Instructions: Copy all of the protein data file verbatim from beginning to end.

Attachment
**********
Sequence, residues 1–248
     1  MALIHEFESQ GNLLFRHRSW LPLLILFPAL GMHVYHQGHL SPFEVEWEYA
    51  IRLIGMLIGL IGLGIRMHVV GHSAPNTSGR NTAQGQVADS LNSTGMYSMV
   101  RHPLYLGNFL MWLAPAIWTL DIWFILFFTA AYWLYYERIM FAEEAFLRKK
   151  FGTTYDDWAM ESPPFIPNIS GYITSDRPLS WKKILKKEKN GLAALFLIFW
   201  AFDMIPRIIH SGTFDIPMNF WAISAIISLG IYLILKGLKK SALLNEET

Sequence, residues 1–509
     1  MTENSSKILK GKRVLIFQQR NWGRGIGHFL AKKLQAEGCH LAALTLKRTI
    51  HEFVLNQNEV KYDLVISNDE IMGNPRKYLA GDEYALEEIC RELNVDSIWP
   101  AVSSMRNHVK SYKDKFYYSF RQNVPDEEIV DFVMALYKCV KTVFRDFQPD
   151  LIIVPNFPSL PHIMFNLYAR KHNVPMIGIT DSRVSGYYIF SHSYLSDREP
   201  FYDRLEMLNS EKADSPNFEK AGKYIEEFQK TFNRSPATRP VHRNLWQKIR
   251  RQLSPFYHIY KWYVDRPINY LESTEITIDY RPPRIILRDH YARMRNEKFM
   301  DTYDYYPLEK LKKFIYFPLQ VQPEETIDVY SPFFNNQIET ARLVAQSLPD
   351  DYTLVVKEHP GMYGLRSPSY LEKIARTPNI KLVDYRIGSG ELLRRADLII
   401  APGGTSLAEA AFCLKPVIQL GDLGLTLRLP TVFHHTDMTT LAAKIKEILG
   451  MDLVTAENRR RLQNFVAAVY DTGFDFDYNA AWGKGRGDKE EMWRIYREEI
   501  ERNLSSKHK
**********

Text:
Sequence, residues 1–248
     1  MALIHEFESQ GNLLFRHRSW LPLLILFPAL GMHVYHQGHL SPFEVEWEYA
    51  IRLIGMLIGL IGLGIRMHVV GHSAPNTSGR NTAQGQVADS LNSTGMYSMV
   101  RHPLYLGNFL MWLAPAIWTL DIWFILFFTA AYWLYYERIM FAEEAFLRKK
   151  FGTTYDDWAM ESPPFIPNIS GYITSDRPLS WKKILKKEKN GLAALFLIFW
   201  AFDMIPRIIH SGTFDIPMNF WAISAIISLG IYLILKGLKK SALLNEET

Sequence, residues 1–509
     1  MTENSSKILK GKRVLIFQQR NWGRGIGHFL AKKLQAEGCH LAALTLKRTI
    51  HEFVLNQNEV KYDLVISNDE IMGNPRKYLA GDEYALEEIC RELNVDSIWP
   101  AVSSMRNHVK SYKDKFYYSF RQNVPDEEIV DFVMALYKCV KTVFRDFQPD
   151  LIIVPNFPSL PHIMFNLYAR KHNVPMIGIT DSRVSGYYIF SHSYLSDREP
   201  FYDRLEMLNS EKADSPNFEK AGKYIEEFQK TFNRSPATRP VHRNLWQKIR
   251  RQLSPFYHIY KWYVDRPINY LESTEITIDY RPPRIILRDH YARMRNEKFM
   301  DTYDYYPLEK LKKFIYFPLQ VQPEETIDVY SPFFNNQIET ARLVAQSLPD
   351  DYTLVVKEHP GMYGLRSPSY LEKIARTPNI KLVDYRIGSG ELLRRADLII
   401  APGGTSLAEA AFCLKPVIQL GDLGLTLRLP TVFHHTDMTT LAAKIKEILG
   451  MDLVTAENRR RLQNFVAAVY DTGFDFDYNA AWGKGRGDKE EMWRIYREEI
   501  ERNLSSKHK